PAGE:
Payne Turney Relishing Time at Purdue

A chilly 36-degree day in Shelbyville, Indiana, welcomed then-freshman Payne Turney to collegiate running. With Covid-19 canceling the 2020 fall cross country season, she had been training the past few months with her Purdue teammates for this one meet, the Big Ten Cross Country Championships on January 30, 2021.

Turney completed the 6k course with a time of 24:13.0, the first race of her collegiate running career.

“That was when I thought, ‘oh my gosh, this is incredible,'” she said. “‘There’s a lot of competition here.'”

Since then, Turney has run for six top-five finishes in her cross country and track & field career, including three wins.

One of those first-place finishes came in her second collegiate race, the Hawkeye Big Ten Invitational, where she clocked a 1,600 meter time of 5:05.26 in her first indoor track & field meet on February 12, 2021.

Two weeks later, Turney and the team traveled to the Spire Institution in Geneva, Ohio, to compete at the Big Ten Indoor Track & Field Championships. She helped the Boilermakers finish seventh in the distance medley relay in 11:39.49.

“Being able to go to Big Tens freshman year was so exciting,” she said. “We got to have this big travel trip going with some of my best friends on the team. I thought it was such a great experience.”

This season, Turney has continued to race well to begin her junior year. On September 17, she placed 12th out of 183 runners at the John McNichols Invite in the 5k with a time of 17:54.9.

Turney began running in fifth grade when she joined her school’s cross country team. All her friends were doing it, so she figured she should join too. As she continued to grow into a high school athlete, Turney started to see a future in the sport.

She saw herself get faster and started breaking records. Turney earned three cross country all-state honors during her high school career and ended her junior year at the top of the mountain as the 2019 2A Illinois state champion in the 800-meter.

“You’re accomplishing these achievements, and you’re thinking, ‘oh, I want to keep doing this,'” Turney said. “‘I don’t think I should stop at high school graduation.'”

As a collegiate runner, Turney continues to compete in cross country events in the fall and races in the 1600-meter and the 800-meter in winter and spring track meets.

While Turney said it’s difficult to find free time during the school year, she and her roommates dedicated time to cooking group meals.

“We have been getting together and doing a lot of meals and perfecting recipes,” Turney said. “I think this weekend we’re planning to do some baking, baking some bread.”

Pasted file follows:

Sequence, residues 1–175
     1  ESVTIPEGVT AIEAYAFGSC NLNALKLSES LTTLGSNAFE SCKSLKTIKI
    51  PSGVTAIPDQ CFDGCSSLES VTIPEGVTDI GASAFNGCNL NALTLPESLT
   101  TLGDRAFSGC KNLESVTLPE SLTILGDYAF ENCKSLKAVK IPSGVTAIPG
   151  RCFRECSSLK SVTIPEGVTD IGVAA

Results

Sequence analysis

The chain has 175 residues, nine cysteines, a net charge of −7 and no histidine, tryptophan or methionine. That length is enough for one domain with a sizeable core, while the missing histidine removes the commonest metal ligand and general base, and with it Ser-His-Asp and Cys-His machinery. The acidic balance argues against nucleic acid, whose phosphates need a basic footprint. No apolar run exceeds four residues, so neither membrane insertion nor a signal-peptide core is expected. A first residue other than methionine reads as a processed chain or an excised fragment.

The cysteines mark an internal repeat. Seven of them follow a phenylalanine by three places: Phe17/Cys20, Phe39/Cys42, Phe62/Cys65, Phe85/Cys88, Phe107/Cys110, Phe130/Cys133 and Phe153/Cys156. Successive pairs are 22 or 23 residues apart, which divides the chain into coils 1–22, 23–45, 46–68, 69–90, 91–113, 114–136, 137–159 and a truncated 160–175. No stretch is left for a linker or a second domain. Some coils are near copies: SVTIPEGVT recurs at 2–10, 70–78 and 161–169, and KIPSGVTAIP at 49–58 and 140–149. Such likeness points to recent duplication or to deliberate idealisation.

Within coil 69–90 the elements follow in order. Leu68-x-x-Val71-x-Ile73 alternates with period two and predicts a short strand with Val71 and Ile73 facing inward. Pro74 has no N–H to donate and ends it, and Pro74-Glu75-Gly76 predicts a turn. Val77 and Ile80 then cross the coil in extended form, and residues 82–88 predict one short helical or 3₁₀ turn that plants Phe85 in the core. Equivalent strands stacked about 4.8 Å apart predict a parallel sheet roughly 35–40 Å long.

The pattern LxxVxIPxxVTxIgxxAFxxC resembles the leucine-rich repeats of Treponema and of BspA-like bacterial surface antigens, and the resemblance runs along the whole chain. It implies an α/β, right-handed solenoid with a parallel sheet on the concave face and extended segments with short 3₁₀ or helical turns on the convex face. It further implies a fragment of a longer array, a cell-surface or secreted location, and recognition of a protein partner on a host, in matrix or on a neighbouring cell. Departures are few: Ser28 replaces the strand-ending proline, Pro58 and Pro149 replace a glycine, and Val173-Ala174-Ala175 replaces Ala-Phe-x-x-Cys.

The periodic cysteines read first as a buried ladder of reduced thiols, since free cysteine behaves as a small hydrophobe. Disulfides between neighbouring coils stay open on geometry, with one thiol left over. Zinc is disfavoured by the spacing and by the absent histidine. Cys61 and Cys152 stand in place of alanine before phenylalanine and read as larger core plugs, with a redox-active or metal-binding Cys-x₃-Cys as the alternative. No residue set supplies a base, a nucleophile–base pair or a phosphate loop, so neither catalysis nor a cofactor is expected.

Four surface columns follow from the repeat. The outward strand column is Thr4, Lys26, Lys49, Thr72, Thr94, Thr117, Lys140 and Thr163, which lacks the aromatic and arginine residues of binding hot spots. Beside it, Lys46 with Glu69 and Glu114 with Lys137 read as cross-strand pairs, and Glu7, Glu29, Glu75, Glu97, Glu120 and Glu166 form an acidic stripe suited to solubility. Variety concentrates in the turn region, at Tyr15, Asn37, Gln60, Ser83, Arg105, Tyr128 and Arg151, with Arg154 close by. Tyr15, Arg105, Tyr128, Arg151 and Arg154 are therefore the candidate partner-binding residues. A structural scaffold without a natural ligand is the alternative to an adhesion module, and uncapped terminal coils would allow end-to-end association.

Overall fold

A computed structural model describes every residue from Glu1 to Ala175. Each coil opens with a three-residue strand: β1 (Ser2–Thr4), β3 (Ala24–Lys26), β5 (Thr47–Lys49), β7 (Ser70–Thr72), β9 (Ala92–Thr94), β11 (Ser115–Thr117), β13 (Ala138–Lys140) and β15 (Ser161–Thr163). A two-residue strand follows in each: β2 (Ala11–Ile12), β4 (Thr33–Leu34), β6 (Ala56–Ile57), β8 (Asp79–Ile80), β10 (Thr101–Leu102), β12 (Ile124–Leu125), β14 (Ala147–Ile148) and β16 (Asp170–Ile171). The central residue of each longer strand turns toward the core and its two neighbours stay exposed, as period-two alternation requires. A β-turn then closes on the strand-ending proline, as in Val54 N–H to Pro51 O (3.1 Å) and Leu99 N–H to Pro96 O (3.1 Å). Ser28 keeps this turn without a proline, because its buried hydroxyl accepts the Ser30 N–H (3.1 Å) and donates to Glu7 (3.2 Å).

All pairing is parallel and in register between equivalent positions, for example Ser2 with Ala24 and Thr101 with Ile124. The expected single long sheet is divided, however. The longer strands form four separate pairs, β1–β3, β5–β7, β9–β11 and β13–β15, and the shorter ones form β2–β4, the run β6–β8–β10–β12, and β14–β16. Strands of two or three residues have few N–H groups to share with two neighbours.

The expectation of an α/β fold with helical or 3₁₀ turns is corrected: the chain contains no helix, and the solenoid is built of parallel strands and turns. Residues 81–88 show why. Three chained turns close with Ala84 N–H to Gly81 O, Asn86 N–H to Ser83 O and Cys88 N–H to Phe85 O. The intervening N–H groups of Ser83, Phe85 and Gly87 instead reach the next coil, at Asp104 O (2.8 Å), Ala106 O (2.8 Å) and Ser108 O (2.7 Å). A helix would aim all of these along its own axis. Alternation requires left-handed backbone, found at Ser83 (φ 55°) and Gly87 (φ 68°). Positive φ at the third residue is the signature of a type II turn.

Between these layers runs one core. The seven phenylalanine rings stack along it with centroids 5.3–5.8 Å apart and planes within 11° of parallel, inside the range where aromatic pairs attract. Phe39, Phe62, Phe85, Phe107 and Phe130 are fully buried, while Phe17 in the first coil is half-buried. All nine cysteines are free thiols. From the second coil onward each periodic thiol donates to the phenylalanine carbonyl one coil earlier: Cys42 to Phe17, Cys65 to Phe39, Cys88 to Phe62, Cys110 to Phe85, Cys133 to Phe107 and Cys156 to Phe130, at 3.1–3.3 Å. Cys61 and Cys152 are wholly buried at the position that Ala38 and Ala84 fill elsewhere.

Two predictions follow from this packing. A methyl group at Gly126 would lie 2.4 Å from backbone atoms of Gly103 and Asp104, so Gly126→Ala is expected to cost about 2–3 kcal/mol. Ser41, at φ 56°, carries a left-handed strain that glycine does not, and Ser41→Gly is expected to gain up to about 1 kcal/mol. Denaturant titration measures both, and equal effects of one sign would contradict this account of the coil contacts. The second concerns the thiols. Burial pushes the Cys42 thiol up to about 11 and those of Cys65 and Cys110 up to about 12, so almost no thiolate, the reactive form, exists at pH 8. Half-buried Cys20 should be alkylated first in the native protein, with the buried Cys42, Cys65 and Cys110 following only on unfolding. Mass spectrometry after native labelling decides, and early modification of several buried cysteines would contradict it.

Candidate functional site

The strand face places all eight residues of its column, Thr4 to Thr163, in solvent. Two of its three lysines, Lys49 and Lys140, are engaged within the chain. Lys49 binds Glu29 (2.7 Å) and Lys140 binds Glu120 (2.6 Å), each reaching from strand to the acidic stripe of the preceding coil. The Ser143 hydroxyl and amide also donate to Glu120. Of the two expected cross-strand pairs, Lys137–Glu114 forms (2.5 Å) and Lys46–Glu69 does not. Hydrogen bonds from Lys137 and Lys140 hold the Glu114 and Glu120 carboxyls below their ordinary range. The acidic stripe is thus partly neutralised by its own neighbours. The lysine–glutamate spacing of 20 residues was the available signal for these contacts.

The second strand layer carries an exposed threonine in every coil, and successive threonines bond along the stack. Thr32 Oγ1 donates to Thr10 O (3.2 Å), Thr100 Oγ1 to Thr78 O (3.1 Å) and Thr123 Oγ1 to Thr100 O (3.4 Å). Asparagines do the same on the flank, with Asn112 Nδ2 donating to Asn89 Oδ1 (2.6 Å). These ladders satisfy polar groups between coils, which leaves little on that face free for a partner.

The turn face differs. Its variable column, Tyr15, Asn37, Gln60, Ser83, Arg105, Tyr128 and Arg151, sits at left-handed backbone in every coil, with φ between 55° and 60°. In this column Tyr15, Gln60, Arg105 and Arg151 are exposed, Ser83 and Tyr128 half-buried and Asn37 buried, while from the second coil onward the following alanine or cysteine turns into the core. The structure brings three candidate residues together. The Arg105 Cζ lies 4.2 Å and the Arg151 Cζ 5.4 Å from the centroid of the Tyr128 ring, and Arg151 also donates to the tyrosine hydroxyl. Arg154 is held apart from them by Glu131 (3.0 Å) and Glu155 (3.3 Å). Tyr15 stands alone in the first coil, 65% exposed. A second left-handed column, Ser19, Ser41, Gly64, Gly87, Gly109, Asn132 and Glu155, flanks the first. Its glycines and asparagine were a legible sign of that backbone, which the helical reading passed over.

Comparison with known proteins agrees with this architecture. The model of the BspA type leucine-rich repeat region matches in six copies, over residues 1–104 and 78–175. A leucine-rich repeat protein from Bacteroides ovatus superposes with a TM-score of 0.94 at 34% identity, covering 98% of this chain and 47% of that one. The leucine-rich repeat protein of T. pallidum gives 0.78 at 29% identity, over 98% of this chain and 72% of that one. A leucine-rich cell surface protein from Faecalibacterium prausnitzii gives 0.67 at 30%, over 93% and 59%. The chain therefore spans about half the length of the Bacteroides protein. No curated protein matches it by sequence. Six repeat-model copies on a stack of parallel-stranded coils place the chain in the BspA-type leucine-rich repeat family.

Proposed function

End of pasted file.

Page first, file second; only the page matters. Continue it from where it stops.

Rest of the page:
Turney also loves to read. Over the summer, she worked at an undergraduate research lab and, in her free time, read a lot of science fiction books including I, Robot, Hitchhikers Guide to the Galaxy, and Ender’s Game. She enjoyed the opportunity to “branch out” and read different types of novels instead of her favorite genre, mystery.

“I’m a really big fan of mystery,” Turney said. “Some classic Agatha Christie.”

She also is a big fan of the newly-remodeled West Lafayette Public Library, which had been under construction since 2019. She said it’s a “lovely place to check out a book or study.”

Overall, running has been a huge factor in helping Turney grow into the person she is today. Looking back, the challenge of that first Big Ten cross country meet taught her so much.

“I learned that you have to be able to learn from your failure and your mistakes,” she said. “Have the mindset of, ‘Okay, that’s not what I wanted to do, not what I wanted to accomplish, but now I need to figure out how can I learn from that and apply it to different track meets.'”

That mentality has transcended into her academics as well. Back in her research lab, she has learned how to accept mistakes she’s made and results she didn’t want or expect.

As she looks ahead to the future, Turney plans to get her master’s degree in public health after completing her bachelor’s degree in biochemistry. An intriguing career for her to land in would be a scientific role, like hands-on research, or a more administrative position with disease prevention.

While running competitively will end when she leaves Purdue, the lessons she’s learned along the way will always stick with her.

“Not every race is perfect, but you just have to keep learning from every experience.”